Submitted September 15, 1992.
Decided November 12, 1992.
J. William St. Clair, Huntington, for appellant.
David C. Ray, Campbell, Woods, Bagley, Emerson, McNeer Herndon, Huntington, for appellee Ked Marcum.
R.R. Fredeking, II, Fredeking Fredeking, Huntington, for appellee Avery Hager.
In this case we are asked to determine what circumstances toll the statute of limitations in a tort case because of lack of knowledge of the wrong by the plaintiff. Mr. Cart, the plaintiff below, filed his suit more than two years after an alleged conversion of his timber took place, but contends that the suit was filed within two years of the time he discovered the tort and who had committed it. Although we agree that under certain circumstances the statute of limitations may be tolled until discovery, the general rule is that the statute of limitations begins to run when the injury occurs. Accordingly, we affirm.
In June of 1988, Mr. Cart entered into an oral contract with David Scott Jefferson to allow Mr. Jefferson to enter Mr. Cart's land to cut, remove, and sell timber from 65 acres. Mr. Cart and Mr. Jefferson agreed to split the proceeds of the sale evenly, with Mr. Jefferson bearing all expenses and replanting costs. Mr. Jefferson produced a written contract and gave it to Mr. Cart, but the contract was never signed.
Mr. Cart was concerned about Mr. Jefferson's repeated stalling tactics to avoid signing their agreement. Mr. Cart fenced off his property and warned Mr. Jefferson not to come onto the property until the contract was signed. Mr. Jefferson apparently did not want to sign the contract; instead, he took all of the timber that he had cut and sold it to saw mills in order to have the wood processed. Mr. Jefferson subsequently absconded with the proceeds from the sale of that timber. Mr. Jefferson has yet to be located. It is clear that the alleged conversion took place no later than 9 August 1988.
He had put me off for six weeks to get to the attorney's office, and he called me on August the 8th approximately 8:00 in the morning and asked me why I put the fence up, and I told him it was to keep him off the property. And I asked him why, and I said, `You've put me off for six weeks now getting down to the attorney's office to get this contract ratified or whatever, signed and notarized, and until you do, I don't want you back on my property.'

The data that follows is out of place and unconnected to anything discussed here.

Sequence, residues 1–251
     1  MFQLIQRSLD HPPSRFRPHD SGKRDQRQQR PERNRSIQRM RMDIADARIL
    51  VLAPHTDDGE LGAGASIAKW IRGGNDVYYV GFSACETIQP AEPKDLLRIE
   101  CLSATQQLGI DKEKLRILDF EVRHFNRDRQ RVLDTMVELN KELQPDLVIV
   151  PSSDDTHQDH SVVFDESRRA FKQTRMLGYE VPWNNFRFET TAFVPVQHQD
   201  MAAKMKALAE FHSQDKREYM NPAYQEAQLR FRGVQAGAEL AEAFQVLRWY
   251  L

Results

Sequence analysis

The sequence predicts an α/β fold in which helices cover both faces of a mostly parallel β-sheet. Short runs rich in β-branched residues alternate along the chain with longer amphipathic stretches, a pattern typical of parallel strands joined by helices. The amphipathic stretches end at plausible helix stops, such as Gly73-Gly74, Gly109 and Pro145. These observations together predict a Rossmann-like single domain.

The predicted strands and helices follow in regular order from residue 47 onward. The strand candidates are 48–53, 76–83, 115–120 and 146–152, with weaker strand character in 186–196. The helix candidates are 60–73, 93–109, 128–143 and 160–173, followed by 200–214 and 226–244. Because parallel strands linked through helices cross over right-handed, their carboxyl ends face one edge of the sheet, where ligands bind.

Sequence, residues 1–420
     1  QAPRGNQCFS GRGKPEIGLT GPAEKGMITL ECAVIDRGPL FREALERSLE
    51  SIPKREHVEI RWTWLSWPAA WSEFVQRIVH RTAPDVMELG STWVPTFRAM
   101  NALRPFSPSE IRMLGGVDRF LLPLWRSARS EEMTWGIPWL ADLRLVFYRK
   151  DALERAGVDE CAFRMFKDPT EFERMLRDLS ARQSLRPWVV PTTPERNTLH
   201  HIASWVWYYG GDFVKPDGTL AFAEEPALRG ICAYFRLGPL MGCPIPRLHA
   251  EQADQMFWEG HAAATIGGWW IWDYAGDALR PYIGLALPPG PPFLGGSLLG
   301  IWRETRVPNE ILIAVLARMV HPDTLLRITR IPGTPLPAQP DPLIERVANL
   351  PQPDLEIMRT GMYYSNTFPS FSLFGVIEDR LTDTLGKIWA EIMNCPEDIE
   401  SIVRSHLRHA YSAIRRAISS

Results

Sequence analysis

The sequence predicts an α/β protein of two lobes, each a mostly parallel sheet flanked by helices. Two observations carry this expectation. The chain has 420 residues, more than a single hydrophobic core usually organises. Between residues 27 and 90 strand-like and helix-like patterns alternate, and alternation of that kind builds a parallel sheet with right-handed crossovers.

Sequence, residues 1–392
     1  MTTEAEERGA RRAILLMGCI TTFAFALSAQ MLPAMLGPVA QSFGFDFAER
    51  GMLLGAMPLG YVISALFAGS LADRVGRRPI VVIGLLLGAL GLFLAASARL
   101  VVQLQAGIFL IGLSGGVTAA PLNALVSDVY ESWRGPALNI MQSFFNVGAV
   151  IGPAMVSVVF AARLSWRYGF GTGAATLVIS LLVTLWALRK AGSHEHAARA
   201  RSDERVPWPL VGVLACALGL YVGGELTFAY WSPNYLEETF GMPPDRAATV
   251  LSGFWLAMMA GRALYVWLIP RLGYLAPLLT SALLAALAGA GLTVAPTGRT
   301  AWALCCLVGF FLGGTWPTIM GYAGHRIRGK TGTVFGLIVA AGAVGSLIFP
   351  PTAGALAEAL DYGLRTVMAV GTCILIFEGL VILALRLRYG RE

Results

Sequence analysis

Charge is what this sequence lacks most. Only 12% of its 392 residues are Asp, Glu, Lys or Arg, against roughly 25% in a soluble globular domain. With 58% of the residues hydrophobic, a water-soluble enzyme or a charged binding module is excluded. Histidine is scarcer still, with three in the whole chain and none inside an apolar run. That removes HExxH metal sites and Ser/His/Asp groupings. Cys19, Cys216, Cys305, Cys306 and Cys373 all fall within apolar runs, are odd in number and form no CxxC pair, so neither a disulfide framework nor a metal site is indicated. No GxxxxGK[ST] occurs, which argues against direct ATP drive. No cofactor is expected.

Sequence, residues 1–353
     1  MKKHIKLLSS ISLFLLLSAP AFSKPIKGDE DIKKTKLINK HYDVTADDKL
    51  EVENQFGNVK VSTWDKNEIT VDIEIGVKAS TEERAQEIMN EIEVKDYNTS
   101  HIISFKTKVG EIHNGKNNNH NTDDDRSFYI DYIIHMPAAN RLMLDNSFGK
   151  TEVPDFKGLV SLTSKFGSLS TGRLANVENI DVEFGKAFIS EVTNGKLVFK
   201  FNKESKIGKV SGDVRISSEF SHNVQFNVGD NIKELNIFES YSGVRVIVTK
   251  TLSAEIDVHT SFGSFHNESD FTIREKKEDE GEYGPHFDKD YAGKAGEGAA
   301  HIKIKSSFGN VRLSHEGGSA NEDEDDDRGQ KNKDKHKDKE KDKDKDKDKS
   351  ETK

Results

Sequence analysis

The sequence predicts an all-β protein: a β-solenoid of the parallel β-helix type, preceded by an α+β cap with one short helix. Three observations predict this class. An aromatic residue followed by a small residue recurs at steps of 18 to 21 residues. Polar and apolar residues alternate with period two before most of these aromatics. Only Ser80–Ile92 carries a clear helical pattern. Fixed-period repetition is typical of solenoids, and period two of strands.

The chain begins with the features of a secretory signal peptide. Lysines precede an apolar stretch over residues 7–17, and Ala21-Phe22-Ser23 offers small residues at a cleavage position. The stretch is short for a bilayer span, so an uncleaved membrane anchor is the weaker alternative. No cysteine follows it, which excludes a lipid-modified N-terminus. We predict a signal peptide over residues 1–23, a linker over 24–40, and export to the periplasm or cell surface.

Cart deposition, 20 December 1990, at 26.
Defendants Avery Hager and Ked Marcum are involved in this matter because Mr. Jefferson sold the timber to Mr. Hager, and Mr. Marcum was hired to help haul the timber off Mr. Cart's land and cut it into marketable pieces. Avery Hager and Ked Marcum both work in the logging business as their primary trade. Mr. Hager is a logger who buys raw timber, assists in the cutting of that timber, has the wood processed, and then re-sells the boards. Mr. Marcum runs a small sawmill in Glenwood, and worked with Mr. Hager many times in the past to help Mr. Hager haul the cut timber and then process the timber into boards.
For the Cart timber, Mr. Hager hired Mr. Marcum to haul and process the wood, and Mr. Marcum received the low-grade logs from the land for his services. The low-grade logs were valued at $331.84 before he cut them into boards, and $995.54 after he cut them. Mr. Hager paid $2,700 to Mr. Jefferson for the rest of the timber and presumably resold the boards in the ordinary course of his business.
"The cause of action arose on August 8th or 9th, 1988 at the very latest." 18 November 1991 Opinion and Order of the Circuit Court of Cabell County (Record at 99). Defendants Marcum and Hager contend that their participation in the alleged conversion took place sometime near the end of July 1988, not in August as Mr. Cart alleges. In evaluating a summary judgment dismissal, we assume the facts in a light most favorable to the party against whom summary judgment is being sought (i.e., Mr. Cart). The most favorable view of the facts possible places the conversion happening no later than 9 August 1988.